HMRC reports 'prolific' tax rebate phishing scams

News by SC Staff

Reports of phishing scams that claim to be from HMRC have already claimed thousands of victims.

Reports of phishing scams that claim to be from HMRC have already seen thousands of victims receive emails.

 

With the deadline for self assessment tax returns looming at the end of January, HMRC has claimed that it is ‘aware of a high number of emails being sent out offering a tax rebate' and that ‘HMRC would not inform customers of a tax rebate via email, or invite them to complete an online form to receive a rebate of tax'.


HMRC chief executive Lesley Strathie claimed that this was the most 'sophisticated and prolific phishing scam that we have encountered. I would strongly encourage anyone receiving such an email to send it to us for investigation'.

HMRC has repeatedly been the subject of phishing emails, with reports made of HMRC Impersonation Phone Calls, an email from the ‘Customs Service', phone calls offering tax rebates and a fake P86 form that asks for personal information from taxpayers employed outside the UK.

 

Michael Foreman, managing director of AVG Technologies, said: “Sensitive personal information is very rarely requested via email. If you aren't sure, find out and type the URL manually instead of following links from suspect emails.

 

“An up-to-date internet security suite with spam filter is essential because it stops this kind of fraudulent email from ever reaching your inbox. However another important line of defence against this kind of scam is knowledge.”

 

Richard Turner, CEO of Clearswift, said: “Fraudsters are using sophisticated techniques to make these scam emails appear genuine – they target people through their work email addresses and include information such as a direct dial telephone number or job title.

 

“By making the emails seem legitimate rather than looking obviously like spam, they're hoping people will disclose their bank details and personal information. Users of social networking sites regularly display birth dates, email addresses, job titles as well as information about where they live and their family, friends and work colleagues – all of which can be used in a phishing scam such as this to make the scam email appear more credible.”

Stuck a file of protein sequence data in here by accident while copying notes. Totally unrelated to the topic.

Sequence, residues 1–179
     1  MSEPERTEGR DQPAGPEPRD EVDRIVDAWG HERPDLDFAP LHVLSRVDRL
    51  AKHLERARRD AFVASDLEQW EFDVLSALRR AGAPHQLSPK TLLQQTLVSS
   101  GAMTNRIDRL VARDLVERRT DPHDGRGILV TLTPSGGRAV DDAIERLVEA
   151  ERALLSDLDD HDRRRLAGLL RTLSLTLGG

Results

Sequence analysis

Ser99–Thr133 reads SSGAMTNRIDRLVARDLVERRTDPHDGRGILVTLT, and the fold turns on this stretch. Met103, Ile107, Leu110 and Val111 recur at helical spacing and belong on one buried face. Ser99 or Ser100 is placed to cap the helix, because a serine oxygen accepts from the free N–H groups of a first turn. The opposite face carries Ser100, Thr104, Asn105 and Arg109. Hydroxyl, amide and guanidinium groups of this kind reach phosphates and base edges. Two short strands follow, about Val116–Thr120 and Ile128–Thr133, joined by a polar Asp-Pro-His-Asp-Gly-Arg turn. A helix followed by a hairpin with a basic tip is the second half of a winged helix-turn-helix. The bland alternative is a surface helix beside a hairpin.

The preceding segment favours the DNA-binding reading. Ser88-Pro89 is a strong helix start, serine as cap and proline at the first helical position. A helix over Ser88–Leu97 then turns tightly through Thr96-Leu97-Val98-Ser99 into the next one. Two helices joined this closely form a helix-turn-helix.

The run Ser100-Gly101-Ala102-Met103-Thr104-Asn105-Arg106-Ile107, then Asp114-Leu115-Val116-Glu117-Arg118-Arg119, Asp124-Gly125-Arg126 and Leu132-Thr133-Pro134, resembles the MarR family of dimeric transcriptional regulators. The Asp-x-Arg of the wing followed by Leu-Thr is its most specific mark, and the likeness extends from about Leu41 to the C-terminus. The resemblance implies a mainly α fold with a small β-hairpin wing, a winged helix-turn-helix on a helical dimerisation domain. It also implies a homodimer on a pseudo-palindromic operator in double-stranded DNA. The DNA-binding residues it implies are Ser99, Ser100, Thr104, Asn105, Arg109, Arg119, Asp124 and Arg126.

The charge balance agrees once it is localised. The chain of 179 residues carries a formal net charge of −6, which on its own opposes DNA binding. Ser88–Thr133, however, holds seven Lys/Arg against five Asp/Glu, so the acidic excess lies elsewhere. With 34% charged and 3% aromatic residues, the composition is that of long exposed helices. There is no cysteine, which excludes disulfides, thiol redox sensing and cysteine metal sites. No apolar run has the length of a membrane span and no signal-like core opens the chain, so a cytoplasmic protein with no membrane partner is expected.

Graham Cluley, senior technology consultant for Sophos, said: “The phishing attacks have been seen arriving from faked addresses such as refundtax@hmrc.gov.co.uk or taxrefund@hmrc.gov.uk, and the fact that it is being seen so much now is no surprise. January 31st is the deadline for self-assessment forms to be filed with HMRC, and some taxpayers will be hoping for a rebate.

 

“Of course, for many people it's a dream come true to think that they might actually be getting some money back from the tax man rather than having to give money to the Inland Revenue, so it's not surprising if people might eagerly click on the link without thinking of the possible consequences. What's that old saying? In this world nothing can be said to be certain, except death and taxes? Maybe they should add a third certainty: phishing.”

 

 

 

Greg Day, security analyst for McAfee said: “What separates these scams from phishing attacks of the past is their attention to detail with structure, correct grammar and the professional appearance of illegitimate website.
 

“This level of attention to detail is something that we saw increasingly last year and sets the tone for spam in 2009. As the recession takes its toll on many people across the UK and beyond, and as finances become even more stretched, people are becoming more susceptible to such scams. Cybercriminals have changed their approach and are targeting individuals for smaller gains with a greater success rate which over an extended period can result in equivalent financial gains to the larger quick-wins.”

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